Another full day of rain was forecast, so we decided to stay on for a second day and take the train to Antwerp. Wise, in many respects. Architecturally it is magnificent, and the magnificence starts with the railway station that is more like a church than a railway terminal (right)DSCF0697. There is a hierarchy of lines – the intercity trains depart from the ground level; regional trains for floor -1; and the trains to Boom from -2!

Antwerp is the home town of Peter Paul Rubens, the celebrated 16 Century artist. His paintings are everywhere, not least in the churches dotted around the city. His house, where he retreated DSCF0709after his prolific and highly lucrative years with his bride who was considerably younger than him, can easily be found. I’m not sure why we did not visit, especially being so wet. Instead we wandered around and visited the old town and waterfront (left).

It was back on the bicycle to Lommel the next day. The sun was shining and the rest day had been welcome. Bearing in mind our final destination was Aachen, the logic of going to Lommel was not strong other than it being the recommended route. The route continued with the river and canal theme (right). DSCF0714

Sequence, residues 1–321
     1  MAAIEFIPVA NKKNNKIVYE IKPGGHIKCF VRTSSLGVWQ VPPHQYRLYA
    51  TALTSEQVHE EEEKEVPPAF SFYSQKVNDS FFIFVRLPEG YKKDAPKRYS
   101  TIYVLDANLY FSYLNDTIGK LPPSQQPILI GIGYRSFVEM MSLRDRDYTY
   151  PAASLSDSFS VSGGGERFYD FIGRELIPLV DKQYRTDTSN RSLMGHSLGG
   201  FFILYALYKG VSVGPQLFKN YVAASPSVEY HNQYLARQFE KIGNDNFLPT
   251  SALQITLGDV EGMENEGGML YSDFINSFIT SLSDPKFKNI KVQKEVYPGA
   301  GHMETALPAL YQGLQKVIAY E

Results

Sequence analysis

We were taken to the vibrant little town called Lier. I have never seen such a cluster of bars in such a small place before. I trust Saturday night is lively. In the sunshine of the day, however, it is relaxing and the coffee is supplied to order. The town has a few curious pieces of architecture. A DSCF0717very striking clock (the Zimmer Tower, left) watches out over the bars, and an enormous central square seems to be looking for an event.

From Lier – where we arrived in late morning – it is canal towpath. Long, straight and quiet. The next port-of-call was Turnhout. The route does not actually pass through the town, but we took refuge in a popular waterside café to refresh, determined to ride late to reach Lommel.DSCF0720

The Kanaal Dessel-Schoten heads for the NE corner of Belgium and  over Lommel which hosts a Centerparc and offers two other camping options.

We crossed the canal onto the N746 route hoping to find either a campsite or a modest hotel. On that route we found neither. Once into the centre it all got very confusing as the town was hosting a funfair, so it was very difficult to orientate ourselves. In the end we had to ask and got directed to a hotel heading out west. Details can be found here.

DSCF0724Refreshed after a shower, we opted for a close-by restaurant. A Tapas. And what a Tapas it was. The menu seemed expensive, but the system goes like this. One chooses a main course and the restaurant supplies a series of tapas that complement the main course. It was magnificent. A father and son operation with authenticity (father is Spannish). The chef brought one of the courses to us. We finally had a picture outside the restaurant as we left. Well recommended.